Monday, 8 June 2015

Figueira da Foz, Casa do Paço - 18th century glazed tiles from Delft - The 6th of June 2015

Being in Figueira da Foz, I decided to venture into Casa do Paço together with my brother, so as to revisit one of our childhood memories, the glazed tile covered walls that had impressed us so much in the past.

We didn't understand the importance of what has been considered one of the largest collections of Dutch figurative tiles in the world then, despite having been told so, because what did seem to catch our attention at the epoch was the Dutch vessel shipwreck story reinforcing the idea as to why they were housed at Casa do Paço.
Whether it is true or not those who defend this theory base it on the fact that they were recovered from a shipwreck involving a Dutch vessel off this coast in 1706 having been subsequently auctioned by the Customs Authorities, and in turn acquired by the owners of Caso do Paço. 
The almost 6700 Dutch tiles decorate four of the seven rooms in the so called noble floor, being assembled by themes - the walls of two rooms  are covered in tiles depicting typical Dutch landscapes, the walls of another room, believed to have been a chapel precint, in Biblical scenes from both the Old and New Testament and the other ones covered in horsemen engaged in battle.
There were quite a few remarkable aspects to note, amongst which was the arrangement of the colours of the glazed tiles - walls fully covered in cobalt blue glazed tiles bordered by manganese coloured ones depicting horsemen and the opposite in some of the other rooms - manganese coloured glazed tiles covering the walls bordered by cobalt blue painted ones.

There are 89 different scene oriented glazed tiles in total, from landscapes depicting everyday life activities related to herding, fishing and hunting to typical Dutch landscapes with views of seaports and cities. The designs on the tiles are said to have been based on well known engravings by Anthonie Waterloo and Esaias van de Velde.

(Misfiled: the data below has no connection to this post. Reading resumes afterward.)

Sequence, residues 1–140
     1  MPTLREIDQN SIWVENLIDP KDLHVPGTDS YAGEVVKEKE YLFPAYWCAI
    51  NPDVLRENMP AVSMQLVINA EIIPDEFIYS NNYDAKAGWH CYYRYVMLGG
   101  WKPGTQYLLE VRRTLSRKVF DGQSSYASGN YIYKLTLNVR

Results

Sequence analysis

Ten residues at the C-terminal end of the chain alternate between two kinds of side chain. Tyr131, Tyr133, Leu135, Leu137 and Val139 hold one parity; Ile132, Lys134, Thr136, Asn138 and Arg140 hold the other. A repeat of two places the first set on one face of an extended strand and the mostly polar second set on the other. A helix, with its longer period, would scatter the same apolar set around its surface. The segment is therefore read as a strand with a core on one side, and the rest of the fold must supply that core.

A rather curious aspect seems to have been the fact that despite not having been randomly placed on the wall one of the glazed tiles was put upside down whilst fitting in the colour sequence and some seem to have been cut to adapt to the corner or to fit the size of the wall, which in the last case seems to be a real pity though. 

In the room where the rarest collection seem to have been housed, once more covering the walls, one could see glazed manganese oxided tiles depicting horsemen (both male and female princes and warriors) brandishing their weapons and heraldic flags. A few could be seen falling from their horses or clearly wounded in battle.
To create the idea of movement on the battlefield some of the tiles were done using the same design in a mirror-like mode and having subsequently been placed on the wall facing one another, thus creating a line of combat approach.
The glazed tiles depicting princes were placed on the outside edges of the walls, as if to show the warriors they represented were positioned in the rear part of the fighting group, as in accordance with their lineage rank.
Many have been identified as representing well known figures such as Cyrus, the great, Julius Caeser and Alexander Magnus, amongst others. They have been apparently based on existing sketches made by Antonio Tempesta (1555-1630).

Prince van Orange (left).Cyrus, the Great - The King of Persia during the VI century B.C. (right)

Alexander Magnus - The King of Macedonia during the IV century B.C. (left). Julius Caeser - the well known Roman Emperor  in the I century B.C. (right)



Cassandane, the wife of Cyrus, the Great (left). Mary the Second from England.

Ninus, the legendary King of Assyria Semíramis, the legendary Queen of Assyria, who married King Ninus in the XX century B.C. (right)

(To be continued) 

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